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Feds and Mexican drug cartels find common ground on legalized marijuana

Stacey Vanek Smith Aug 8, 2013
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Fast Eddy Aki'a of Hawaii smokes a joint as thousands gathered to celebrate the state's medicinal marijuana laws and collectively light up at 4:20 p.m. in Civic Center Park April 20, 2012 in Denver, Colorado. Marc Piscotty/Getty Images

Feds and Mexican drug cartels find common ground on legalized marijuana

Stacey Vanek Smith Aug 8, 2013
Fast Eddy Aki'a of Hawaii smokes a joint as thousands gathered to celebrate the state's medicinal marijuana laws and collectively light up at 4:20 p.m. in Civic Center Park April 20, 2012 in Denver, Colorado. Marc Piscotty/Getty Images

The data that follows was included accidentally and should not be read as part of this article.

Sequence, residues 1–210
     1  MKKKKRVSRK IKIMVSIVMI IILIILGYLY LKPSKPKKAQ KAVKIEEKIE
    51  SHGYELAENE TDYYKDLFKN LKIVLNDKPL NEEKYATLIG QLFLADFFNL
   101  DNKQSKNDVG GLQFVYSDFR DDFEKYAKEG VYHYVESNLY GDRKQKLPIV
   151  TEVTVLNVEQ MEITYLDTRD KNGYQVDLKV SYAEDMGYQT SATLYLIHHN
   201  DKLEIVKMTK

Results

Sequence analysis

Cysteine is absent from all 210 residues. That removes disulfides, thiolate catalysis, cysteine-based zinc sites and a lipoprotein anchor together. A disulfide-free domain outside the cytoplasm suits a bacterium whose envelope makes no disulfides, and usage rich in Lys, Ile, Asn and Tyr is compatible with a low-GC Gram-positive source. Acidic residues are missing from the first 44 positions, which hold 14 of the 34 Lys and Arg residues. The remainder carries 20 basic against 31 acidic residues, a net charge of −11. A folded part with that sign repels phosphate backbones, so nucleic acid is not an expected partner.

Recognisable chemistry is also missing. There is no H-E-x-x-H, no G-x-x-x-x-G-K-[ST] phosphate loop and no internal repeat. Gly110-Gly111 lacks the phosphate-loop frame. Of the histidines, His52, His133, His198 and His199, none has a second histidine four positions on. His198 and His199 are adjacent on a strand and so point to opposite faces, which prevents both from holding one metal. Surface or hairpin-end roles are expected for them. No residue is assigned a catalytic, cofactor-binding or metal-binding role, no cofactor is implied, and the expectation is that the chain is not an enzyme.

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Starting next year, residents of Colorado and Washington State will be able to buy marijuana legally without a prescription. The economic implications of that are big, and not everyone is happy about it — including the Mexican drug cartels, which make as much as half of their money from selling marijuana in the U.S.

“We’re talking about a potential $200 billion market,” says Enrique Acevedo, who has been covering this story for Univision.

The fact that marijuana is still considered a Schedule I controlled substance by federal law, Acevedo says, oddly aligns the interests of the cartels with those of the federal government. “For different reasons, they’re on the same side of the argument,” he says.

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